The past week has painfully reminded us that male violence towards women is systemic in our patriarchal societies ~ and the police are complicit in its proliferation

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I am writing this piece on Mothering Sunday, a day where in normal times families would come together and celebrate our mums, celebrate the women in our lives, serve breakfast-in-bed, buy nice presents and cards for our mums and go out for food and drinks. Hopefully, some in this lockdown will still be able to see their mums and celebrate with them, but for the vast majority of us we will be speaking to our mums over zoom or on the phone. It’s not ideal, but after enduring this painful week it will do just to hear our mums voices.

A week that started with International Women’s Day and is ending with Mothering Sunday shouldn’t have been like this. The devastating kidnapping and murder of Sarah Everard by a serving police officer in South-West London has shook us as a society. As a man, I can feel deeply disturbed, I can empathise, I can feel lost and I can mourn Sarah’s loss as many will be doing. But I will never know what it feels like to be a woman living in the 21st century. I will never experience what many have been bravely sharing on social media this week; the harassment, the catcalls, the crossing the street, the keys in the hands, the headphones out whilst walking in the streets. I will never experience that angst, that fear, that trepidation. This is a uniquely female experience, one that has been ignored, ridiculed, explained away for too long – as this dreadful week has exposed.

The scenes at the Vigil at Clapham Common on Saturday night were honestly some of the most viscerally enraging I have ever seen. A peaceful vigil to mourn the loss of Sarah Everard, and to stand up and say ‘enough is enough’ was defiled by the police, who as always can’t think beyond the need for violence. Police violence against women, at a vigil to mourn the loss of a young woman who was so violently taken from this world by a man who shared their badge and their stripes. That really is the police summed up. Shame on them. We should never forget what they did on Saturday night. And we should never forget that the police will never be the organisation and structure that will truly keep people safe, keep women safe. They have failed women time and again, and they have failed us all.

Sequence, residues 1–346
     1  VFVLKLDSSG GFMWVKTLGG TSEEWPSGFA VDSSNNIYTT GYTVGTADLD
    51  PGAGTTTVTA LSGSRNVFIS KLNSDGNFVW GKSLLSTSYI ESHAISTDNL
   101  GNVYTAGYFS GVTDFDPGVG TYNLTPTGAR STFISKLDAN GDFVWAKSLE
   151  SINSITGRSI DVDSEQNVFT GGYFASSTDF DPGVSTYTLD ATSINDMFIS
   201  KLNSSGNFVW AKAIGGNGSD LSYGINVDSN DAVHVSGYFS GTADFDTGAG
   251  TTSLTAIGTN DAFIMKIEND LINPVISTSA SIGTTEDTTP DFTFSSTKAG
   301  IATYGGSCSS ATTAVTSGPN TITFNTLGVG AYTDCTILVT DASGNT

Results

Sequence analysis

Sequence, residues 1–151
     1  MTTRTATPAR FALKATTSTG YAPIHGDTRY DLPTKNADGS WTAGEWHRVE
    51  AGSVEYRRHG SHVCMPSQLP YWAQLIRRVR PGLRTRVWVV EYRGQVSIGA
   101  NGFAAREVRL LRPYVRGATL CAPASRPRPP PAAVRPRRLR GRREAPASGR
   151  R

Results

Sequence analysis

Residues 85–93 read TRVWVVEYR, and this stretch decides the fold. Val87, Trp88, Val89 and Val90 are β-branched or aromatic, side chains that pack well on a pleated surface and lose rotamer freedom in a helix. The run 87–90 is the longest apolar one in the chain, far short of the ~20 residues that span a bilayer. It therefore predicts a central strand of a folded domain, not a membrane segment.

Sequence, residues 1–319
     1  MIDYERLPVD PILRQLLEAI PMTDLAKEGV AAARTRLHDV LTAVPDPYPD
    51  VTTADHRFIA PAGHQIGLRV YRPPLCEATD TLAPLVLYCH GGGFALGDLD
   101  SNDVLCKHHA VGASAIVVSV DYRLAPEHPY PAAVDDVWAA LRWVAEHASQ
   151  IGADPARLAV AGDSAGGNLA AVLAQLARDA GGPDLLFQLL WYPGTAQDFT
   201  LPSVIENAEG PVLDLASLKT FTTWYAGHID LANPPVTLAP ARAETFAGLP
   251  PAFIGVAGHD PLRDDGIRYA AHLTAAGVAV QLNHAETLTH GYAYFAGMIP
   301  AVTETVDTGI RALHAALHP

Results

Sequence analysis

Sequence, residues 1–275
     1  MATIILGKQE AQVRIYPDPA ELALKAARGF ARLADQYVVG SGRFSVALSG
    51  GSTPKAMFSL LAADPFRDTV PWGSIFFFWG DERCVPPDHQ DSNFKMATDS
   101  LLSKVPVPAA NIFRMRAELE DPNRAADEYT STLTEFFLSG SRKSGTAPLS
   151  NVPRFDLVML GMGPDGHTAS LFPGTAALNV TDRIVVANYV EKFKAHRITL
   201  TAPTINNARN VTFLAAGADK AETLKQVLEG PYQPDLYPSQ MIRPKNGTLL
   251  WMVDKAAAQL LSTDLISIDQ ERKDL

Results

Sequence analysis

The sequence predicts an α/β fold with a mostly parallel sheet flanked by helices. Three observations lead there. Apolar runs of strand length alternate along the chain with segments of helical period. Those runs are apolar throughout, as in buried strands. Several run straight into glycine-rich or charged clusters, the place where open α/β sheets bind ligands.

Only when we have defunded the police, divested their resources and invested in communities and public health will we able to heal and to mend. The police aren’t the answer to male violence towards women, because they are part of the problem. This goes beyond ‘bobbies on the beat’, arrests, charges and sentences. This is deeply cultural, and yes political, malaise that is embedded within our patriarchal societies.

Just remember that we live in a country where rape within marriage was practically legal until 2003. Just remember that we live in a country where only 1 in 6 sexual assaults are reported, so strong is the distrust in the police and the criminal justice system to bring perpetrators to justice. A country where on average, the police receive over 100 calls an hour relating to domestic abuse, yet between March of 2017 and 2018 only 18% of women who experienced partner abuse reported it. 90% of murderers are men. 97% of sexual offenders are men. 87% of crimes against the person are committed by men. We are dealing with a socio-political and cultural problem of systemic male violence, deep-rooted in our socialisation as men.

And so, to those who take to social media and say ‘not all men’ or ‘not me’ – you have gravely misunderstood what all this is about. Just like with ‘all lives matter’, you defer to the individual because you fail to see the institutional. You are wrong, and only when men begin to take part in the conversation, whilst also listening to women who tell their stories and reveal their truths uninterrupted and without pushback, can we begin to turn this endemic issue around, and make it safe for women to walk around in the streets of their own communities and to trust us as a society to help them when they need it.

Rest in peace Sarah. My heart goes out to her family and friends in what must be the most harrowing week for them. And my heart goes out to all those who have lost loved ones and experienced this awful violence in their day to day lives, which I know is far too many people. Solidarity and power to all those out there fighting to make the world a better place. One day, we will win.

2 Replies to “The past week has painfully reminded us that male violence towards women is systemic in our patriarchal societies ~ and the police are complicit in its proliferation”

  1. Dylan, so well said. How wonderful to hear a young man who so clearly understands and respects women – or is doing his very best to do so. You give me hope, we just need more like you!

    Liked by 1 person

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